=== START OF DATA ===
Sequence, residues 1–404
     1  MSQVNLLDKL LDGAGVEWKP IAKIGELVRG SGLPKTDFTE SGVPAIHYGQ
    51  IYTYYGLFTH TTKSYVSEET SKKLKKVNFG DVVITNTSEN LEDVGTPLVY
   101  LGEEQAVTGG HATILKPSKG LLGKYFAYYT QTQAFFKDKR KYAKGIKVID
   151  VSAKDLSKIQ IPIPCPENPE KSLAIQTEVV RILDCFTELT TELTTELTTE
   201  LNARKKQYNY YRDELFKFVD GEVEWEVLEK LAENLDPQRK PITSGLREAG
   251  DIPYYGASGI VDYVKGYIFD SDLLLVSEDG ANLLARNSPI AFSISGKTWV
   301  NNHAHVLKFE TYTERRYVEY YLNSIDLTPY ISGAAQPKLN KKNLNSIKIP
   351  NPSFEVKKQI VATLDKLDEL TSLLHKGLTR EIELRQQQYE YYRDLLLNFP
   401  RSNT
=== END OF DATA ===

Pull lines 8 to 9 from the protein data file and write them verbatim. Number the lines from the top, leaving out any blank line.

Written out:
   301  NNHAHVLKFE TYTERRYVEY YLNSIDLTPY ISGAAQPKLN KKNLNSIKIP
   351  NPSFEVKKQI VATLDKLDEL TSLLHKGLTR EIELRQQQYE YYRDLLLNFP